Last year, in April 2017, the Department for Education (DfE) launched the Strategic School Improvement Fund (SSIF), a £140 million grant that supports schools who need help improving performance and pupil attainment.
Applications for round three of the funding will close at midday on Friday 20th April 2018, but how do you know if you can apply? What can the funding pay for? What is the criteria for applications?
All these questions, and more, will be covered in this blog.
What is the Strategic-School-Improvement-Fund?
The SSIF has been introduced by the DfE to support all types of schools who are currently viewed as underperforming or are at risk of doing so. These schools can be any of the following:
- Nursery/ Primary/ Secondary/ Middle/ All-through Schools and Academies
- Alternative Provisions/ Pupil Referral Units (PRUs)
- Special schools and Academies
- Post-16 Academies
The grant will then help schools purchase support to target the resources that are needed to improve school performance and attainment, with a strong preference for this support to be school-led so that they can reach the funding’s aim of “support provided by schools, for schools”.
There are a number of activities this fund can be used for, including:
- Improving leadership and governance
- Refining teaching methods
- Enhancing financial health and efficiency
The DfE has stated that they expect schools, especially multi-academy trusts (MATs), teaching schools and national support schools to provide the majority of the support. Although, this is not a strict requirement, and schools can also source external providers to assist them.
Schools cannot however, use the funding to pay for any support or activities that are already covered in other DfE programmes such as: the Teaching and leadership Innovation Fund, the Northern Powerhouse, initial teacher training recruitment etc.
Who can apply?
Teaching schools, MATs and local authorities must apply for this fund to support underperforming schools in their control or in their local area. Before applying however, organisations must be aware of the guidelines set in place.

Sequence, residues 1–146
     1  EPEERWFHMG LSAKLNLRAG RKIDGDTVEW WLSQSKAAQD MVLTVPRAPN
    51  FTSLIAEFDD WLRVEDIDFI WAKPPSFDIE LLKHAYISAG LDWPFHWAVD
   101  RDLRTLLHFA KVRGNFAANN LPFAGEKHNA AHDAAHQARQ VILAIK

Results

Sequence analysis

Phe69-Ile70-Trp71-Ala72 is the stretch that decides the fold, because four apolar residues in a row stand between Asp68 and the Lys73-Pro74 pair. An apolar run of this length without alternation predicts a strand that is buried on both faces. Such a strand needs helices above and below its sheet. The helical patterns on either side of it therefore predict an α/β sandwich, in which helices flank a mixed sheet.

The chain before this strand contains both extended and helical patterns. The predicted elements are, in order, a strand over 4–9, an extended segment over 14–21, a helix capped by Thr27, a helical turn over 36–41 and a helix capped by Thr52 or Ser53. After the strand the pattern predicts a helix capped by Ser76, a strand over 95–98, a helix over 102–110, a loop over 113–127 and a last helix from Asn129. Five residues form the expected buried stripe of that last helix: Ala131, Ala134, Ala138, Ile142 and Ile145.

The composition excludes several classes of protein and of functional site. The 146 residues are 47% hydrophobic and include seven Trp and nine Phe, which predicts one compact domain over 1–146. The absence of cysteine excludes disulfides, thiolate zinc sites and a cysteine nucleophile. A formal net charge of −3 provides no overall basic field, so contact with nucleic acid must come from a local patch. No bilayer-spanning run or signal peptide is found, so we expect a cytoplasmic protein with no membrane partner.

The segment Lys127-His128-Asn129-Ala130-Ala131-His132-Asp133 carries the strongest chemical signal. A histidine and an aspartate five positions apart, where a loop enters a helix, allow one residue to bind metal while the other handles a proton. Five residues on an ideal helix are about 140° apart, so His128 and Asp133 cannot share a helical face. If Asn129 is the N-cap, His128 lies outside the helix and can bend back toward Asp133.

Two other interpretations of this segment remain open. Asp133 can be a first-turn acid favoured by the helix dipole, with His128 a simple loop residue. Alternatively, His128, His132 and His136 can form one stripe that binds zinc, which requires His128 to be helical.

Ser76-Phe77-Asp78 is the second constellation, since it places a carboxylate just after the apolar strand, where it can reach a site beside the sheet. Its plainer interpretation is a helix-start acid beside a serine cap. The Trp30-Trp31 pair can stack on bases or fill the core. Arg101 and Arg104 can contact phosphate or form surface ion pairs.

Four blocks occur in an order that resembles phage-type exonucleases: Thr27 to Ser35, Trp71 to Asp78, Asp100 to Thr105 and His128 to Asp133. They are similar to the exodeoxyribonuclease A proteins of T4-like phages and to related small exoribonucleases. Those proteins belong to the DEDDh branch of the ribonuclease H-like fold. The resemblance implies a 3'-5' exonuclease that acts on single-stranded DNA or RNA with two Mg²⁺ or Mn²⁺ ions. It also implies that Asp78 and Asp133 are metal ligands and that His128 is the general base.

In order to be successful, each application must support at least four schools with at least 70% of these schools meeting the eligibility criteria, which include such things as:
- rated inadequate or requires improvement by Ofsted
- Located in an opportunity area
- Does not meet the 16-18 minimum standards.
IMPORTANT NOTE: For applications that are solely in support of special schools or PRUs, the 70% threshold does not apply because performance data does not always display the needs of these schools.
Another guideline for this funding states that 25% of the intended supported schools must not be part of the MAT, or due to join, and for applications that look to support over 20 schools, at least five schools must not be in the MAT.
All applicants must also have good financial health and must be able to demonstrate how they plan to use their funding effectively. A rationale should be given with the application to explain why the improvements are necessary, with details on what activities and providers you plan to use, and the expected cost.
IMPORTANT NOTE: The DfE has asked that all applicants make their Teaching Schools Council regional leads aware of their application so that they can avoid duplications.
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